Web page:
LOS ANGELES – Sabina Sciubba was an avant-garde vision in soft pink hues. The frontwoman for Brazilian Girls brought pizazz as soon as she paraded onto the El Rey Theatre stage, keyboardist Didi Gutman and guitarist Jesse Murphy welcoming her in with open arms. The band, which had been away for a decade, started with the trippy but appropriate banger “Looking for Love,” opening the set with bizarre splendor.
Moving on to “Pirates,” off of their new album, Let’s Make Love, Sciubba lacked nothing in vivacious personality as she worked the crowd, dancing and wooing the crowd. She commandeered a fan’s pair of LED glasses with animated hearts and wore them for the most the show. Brazilian Girls covered most of their new album, from “Go Out More Often” to the “World Wide Web,” with fans faithfully singing along.
The pace slowed down for a bit as Sciubba sang “Karakoy.” “You know who you are; let’s remember our time in Karakoy,” she said. This single moment of shy demureness rang with affection for character of the song. Meanwhile, Brazilian Girls’ intimate bond showed as Gutman gave her a knowing look following the dedication.
After the sultry song, Sciubba led the band and the fans to unleash their frenetic dance demons. “Balla Balla” got everybody jumping to the samba beat. At the song’s midpoint, Sciubba spotted two young boys around 10 years old in the crowd and pulled them on stage to dance with her. The grinning boys stayed there for several songs, with the frontwoman showering them with affection.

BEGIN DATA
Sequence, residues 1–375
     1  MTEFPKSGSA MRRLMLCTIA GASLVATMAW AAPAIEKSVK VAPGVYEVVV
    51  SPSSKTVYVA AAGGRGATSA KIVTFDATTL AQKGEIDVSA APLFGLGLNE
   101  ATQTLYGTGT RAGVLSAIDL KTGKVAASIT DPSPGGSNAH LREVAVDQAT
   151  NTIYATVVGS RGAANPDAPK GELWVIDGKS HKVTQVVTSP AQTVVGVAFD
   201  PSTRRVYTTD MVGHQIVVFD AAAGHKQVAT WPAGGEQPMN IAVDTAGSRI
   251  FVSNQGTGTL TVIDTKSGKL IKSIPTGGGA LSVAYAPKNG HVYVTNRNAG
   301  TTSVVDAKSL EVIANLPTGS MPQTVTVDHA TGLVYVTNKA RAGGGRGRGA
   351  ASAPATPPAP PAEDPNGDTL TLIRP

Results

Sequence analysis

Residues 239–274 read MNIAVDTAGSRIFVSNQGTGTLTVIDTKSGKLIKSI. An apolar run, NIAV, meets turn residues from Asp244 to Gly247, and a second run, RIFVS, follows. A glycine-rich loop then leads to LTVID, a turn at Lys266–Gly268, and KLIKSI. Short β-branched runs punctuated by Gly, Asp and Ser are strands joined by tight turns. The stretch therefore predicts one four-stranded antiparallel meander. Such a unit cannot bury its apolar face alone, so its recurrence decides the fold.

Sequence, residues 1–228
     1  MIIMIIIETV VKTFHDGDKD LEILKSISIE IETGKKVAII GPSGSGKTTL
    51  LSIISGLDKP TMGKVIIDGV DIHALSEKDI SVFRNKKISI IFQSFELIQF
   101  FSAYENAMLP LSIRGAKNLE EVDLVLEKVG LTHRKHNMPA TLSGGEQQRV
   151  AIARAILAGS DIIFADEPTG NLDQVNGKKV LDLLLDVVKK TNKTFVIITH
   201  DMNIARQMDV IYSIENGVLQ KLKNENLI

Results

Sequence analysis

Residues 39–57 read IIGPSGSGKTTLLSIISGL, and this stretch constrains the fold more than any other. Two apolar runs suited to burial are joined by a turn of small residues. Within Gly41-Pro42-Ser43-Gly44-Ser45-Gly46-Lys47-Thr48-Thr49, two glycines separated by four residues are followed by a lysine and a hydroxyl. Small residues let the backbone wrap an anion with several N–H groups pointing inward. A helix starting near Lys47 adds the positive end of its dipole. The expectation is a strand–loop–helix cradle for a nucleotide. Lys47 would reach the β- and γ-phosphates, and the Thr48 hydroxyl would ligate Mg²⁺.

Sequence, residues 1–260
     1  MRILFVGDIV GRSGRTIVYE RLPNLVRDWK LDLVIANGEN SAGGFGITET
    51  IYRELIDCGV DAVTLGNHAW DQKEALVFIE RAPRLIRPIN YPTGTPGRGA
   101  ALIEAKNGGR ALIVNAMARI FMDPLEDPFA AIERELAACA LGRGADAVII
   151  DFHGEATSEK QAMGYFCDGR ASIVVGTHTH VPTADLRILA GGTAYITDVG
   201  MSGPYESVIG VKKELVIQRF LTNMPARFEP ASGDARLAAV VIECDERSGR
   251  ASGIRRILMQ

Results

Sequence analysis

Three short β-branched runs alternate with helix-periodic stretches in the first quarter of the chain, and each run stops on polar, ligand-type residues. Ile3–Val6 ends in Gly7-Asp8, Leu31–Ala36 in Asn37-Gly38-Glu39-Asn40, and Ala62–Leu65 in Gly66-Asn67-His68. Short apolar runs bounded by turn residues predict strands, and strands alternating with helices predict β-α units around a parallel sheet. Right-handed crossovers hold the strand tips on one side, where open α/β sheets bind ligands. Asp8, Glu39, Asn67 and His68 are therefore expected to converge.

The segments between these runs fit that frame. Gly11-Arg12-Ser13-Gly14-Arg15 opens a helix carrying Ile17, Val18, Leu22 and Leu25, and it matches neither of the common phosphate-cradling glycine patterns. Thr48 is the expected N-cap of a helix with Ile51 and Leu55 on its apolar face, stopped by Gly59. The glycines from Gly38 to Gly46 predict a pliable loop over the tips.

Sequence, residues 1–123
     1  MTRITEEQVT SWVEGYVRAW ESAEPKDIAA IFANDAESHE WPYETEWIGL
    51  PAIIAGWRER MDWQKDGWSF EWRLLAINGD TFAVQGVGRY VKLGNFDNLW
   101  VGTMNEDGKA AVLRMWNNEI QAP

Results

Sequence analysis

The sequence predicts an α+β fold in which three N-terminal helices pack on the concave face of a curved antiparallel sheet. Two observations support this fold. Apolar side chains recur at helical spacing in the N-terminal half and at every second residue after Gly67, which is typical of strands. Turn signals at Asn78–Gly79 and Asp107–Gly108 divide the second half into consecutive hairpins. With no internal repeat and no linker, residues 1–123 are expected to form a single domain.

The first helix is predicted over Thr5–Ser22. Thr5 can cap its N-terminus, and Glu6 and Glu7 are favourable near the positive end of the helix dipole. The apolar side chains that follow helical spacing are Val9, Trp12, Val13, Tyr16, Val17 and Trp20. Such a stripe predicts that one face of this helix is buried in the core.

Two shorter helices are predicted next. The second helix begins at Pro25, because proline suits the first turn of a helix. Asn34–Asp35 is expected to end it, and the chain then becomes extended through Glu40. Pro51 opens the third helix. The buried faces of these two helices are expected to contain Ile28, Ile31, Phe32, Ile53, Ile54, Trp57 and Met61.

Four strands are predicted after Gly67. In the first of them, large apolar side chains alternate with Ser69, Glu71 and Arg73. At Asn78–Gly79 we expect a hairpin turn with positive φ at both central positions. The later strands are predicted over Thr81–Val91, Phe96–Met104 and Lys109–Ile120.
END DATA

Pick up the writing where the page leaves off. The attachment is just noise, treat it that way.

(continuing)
“Let’s make love and remember we are alive everyone,” Sciubba said as the show progressed. Beckoning people to join hands, she accentuated the night’s communal dynamic. The audience obliged and became one big happy dancing family, screaming “Let’s make love” at the top of their lungs. Following a brief break the band returned fresh-faced and closed the show with their most-beloved single, “Pussy,” turning the dimly lit El Rey into a madhouse of love. Sciubba encouraged the crowd to come on stage, and that quickly escalated from three people to an energized mob of 30 or more.
Gutman showed a glimpse of his vocal range by leading the crowd in a singalong, while Murphy swayed from side to side as if he was in a daze and seeming to forget he was also there to play the guitar. The band turned the three-minute song into a 15-minute party.
Opener Loud Forest was a sweet surprise. Although less synthy and electronic live than on record, the husband and wife tandem captured the crowd’s attention with opening soft rock ballad “Free” and eventually touching on shoegaze, folk, rock and pop.
Their separate styles reflected Bernard and Rachel Chadwick’s very different personas. He looked like something out of the late ’90s punk or grunge band, while she resembled an ethereal daisy queen. But the two complemented each other through impressive vocal arrangements. Their backing band expertly played the groundwork, with the guitar player expertly hitting riff after impressing riff on songs like “I’m Not Your Girl” and recent single “Hold On.”
Follow writer Vic Silva at Twitter.com/VicSilvaaaa.